We truly believe that this is our best production ever. So we hope to make a markable difference when people hear our music for the first time. This is really the first time we have this massive sound. We’ve put a hell lot of work in this album. Everything single chord, drum hit, bass note was turned upside down. We also have a lot of layers going on, mostly in the choruses. Sometimes they’re not really audible, but we’ve added a lot of synths and other soundscapes to create a ‘thick and broad’ sound. Everything was mixed and mastered by Fredrik Nördström and Henrik Udd at Studio Fredman in Sweden. A couple bandmembers flew to Göteborg during the process. So we were ‘hands on’ with every detail of the production. We truly believe we’re playing a different ballpark now with this production and result.
4 – Why should a listener choose your album and not the one of another band?
We don’t feel that music should be a competition. People can listen to whatever they want! It’s all about personal taste. Some people think we’re too poppy… other listeners say we’re too heavy. But the songs we’ve made now are really something we’ve made from our hearts and if people appreciate what we do, we’re extremely happy with that! It’s all about getting your music to the right people, so we’re hoping that our label Arising Empire/Nuclear Blast can push our album to a wide spectrum of people, so that our fanbase can grow in Europe. Everybody knows our band in Belgium, but in Europe, there’s a lot of work to do!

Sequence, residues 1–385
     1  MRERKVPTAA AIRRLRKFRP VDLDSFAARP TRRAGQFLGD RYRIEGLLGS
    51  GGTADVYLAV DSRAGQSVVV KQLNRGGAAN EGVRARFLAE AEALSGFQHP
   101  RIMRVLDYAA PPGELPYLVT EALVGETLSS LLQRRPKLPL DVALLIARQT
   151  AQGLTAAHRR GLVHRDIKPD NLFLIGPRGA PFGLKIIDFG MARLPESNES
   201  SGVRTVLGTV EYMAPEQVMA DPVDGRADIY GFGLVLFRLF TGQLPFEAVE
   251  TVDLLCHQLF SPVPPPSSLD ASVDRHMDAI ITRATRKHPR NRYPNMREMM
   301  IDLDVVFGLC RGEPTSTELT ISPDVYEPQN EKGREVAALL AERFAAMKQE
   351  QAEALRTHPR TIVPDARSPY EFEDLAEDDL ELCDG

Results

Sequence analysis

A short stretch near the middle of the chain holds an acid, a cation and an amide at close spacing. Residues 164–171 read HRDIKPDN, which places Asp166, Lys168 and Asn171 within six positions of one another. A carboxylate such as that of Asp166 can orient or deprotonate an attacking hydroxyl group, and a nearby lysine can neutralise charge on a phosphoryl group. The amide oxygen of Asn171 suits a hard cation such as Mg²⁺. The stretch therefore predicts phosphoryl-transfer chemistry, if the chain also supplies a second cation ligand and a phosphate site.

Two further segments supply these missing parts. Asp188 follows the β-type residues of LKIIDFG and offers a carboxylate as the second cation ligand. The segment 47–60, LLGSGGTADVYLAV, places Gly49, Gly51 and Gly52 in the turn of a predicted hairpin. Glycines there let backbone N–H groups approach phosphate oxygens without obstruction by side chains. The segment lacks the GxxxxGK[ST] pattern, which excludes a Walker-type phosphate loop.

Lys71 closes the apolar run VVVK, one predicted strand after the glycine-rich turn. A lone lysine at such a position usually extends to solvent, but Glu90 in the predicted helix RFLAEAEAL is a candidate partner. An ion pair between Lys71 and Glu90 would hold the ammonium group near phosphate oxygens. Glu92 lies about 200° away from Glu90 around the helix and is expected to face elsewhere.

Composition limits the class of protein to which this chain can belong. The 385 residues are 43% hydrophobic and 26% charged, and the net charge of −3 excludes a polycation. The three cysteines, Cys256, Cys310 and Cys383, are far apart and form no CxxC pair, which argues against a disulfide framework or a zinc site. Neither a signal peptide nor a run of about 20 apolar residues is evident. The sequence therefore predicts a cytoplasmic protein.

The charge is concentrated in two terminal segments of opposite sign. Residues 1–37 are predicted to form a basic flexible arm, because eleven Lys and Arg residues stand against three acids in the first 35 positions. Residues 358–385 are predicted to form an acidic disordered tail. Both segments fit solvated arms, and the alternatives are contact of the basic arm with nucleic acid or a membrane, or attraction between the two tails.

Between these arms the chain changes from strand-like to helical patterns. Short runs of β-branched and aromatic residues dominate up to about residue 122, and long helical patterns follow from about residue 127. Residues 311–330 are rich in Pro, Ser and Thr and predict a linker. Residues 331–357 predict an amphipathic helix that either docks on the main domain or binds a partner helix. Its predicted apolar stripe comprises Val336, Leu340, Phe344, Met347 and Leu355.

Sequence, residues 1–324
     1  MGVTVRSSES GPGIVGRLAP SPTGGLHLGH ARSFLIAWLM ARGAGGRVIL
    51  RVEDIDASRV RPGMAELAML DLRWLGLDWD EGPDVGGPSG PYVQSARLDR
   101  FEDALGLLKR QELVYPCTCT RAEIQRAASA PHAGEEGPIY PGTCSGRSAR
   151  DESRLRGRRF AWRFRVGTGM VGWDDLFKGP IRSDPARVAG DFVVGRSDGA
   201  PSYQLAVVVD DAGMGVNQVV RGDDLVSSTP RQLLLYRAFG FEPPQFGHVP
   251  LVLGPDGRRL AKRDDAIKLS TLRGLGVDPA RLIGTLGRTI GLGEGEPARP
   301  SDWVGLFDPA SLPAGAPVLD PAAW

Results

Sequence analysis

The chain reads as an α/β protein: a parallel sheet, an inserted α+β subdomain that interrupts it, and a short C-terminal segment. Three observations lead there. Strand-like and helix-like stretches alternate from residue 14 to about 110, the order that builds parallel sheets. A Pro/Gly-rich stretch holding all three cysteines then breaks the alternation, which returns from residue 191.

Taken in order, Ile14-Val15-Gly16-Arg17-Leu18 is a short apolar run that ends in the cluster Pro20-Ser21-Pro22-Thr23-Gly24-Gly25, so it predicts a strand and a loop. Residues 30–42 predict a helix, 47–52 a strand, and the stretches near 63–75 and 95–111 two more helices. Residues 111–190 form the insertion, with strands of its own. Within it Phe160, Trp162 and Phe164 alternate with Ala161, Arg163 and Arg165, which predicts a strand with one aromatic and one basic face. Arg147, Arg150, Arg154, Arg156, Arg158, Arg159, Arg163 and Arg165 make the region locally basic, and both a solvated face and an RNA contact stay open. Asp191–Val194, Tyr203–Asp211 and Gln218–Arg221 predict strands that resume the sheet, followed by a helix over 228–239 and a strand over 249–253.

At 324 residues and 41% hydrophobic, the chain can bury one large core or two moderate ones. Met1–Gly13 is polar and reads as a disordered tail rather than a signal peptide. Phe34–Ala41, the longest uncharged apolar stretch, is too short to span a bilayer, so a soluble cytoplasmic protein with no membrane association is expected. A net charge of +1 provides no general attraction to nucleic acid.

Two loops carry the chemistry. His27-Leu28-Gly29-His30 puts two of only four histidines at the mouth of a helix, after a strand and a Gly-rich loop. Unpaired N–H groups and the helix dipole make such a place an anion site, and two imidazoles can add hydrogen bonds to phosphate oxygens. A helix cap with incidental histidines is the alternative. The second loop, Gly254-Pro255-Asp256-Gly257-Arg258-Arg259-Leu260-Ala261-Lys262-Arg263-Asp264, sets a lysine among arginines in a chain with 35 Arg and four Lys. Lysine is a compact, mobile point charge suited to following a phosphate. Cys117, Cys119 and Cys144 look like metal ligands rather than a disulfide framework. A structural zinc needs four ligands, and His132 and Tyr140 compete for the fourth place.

5 – In Italy we usually think that live performances overseas are easier because there are more possibilities. Do you agree?
I think there are a lot of possibilities over here, but you have to get the right team behind your band to get the job done. We arranged the main part of our gigs by ourselves up till now, but it’s always difficult to convince organizers and festivals all by yourself. A dedicated booker, who believes in you, is necessary to get you on the bill at places you couldn’t have fixed by yourself. We do see that there’s always less room for metalbands. It’s a shame. Young metalbands have to fight to get their asses on a small stage, probably for no money and maybe some warm beers. We’ve never played overseas, but i think the problem as a beginning band is the same over there.
6 – Is the audience in your country aware of the bands that produce original music?
Yeah, there’s a lot of sharing going on and with all those facebooks adds nowadays a lot of bands are getting exposure that way. And honestly, i think that real quality will always surface. People in the scene talk a lot about new music or upcoming bands. Some bands just hit the right spot and have the right ‘momentum’ . Oathbreaker for example is a really original, hardworking Belgian band with an unique mix of black metal and post-hardcore and they’re growing really fast now. So there you go… original stuff is still appreciated and supported!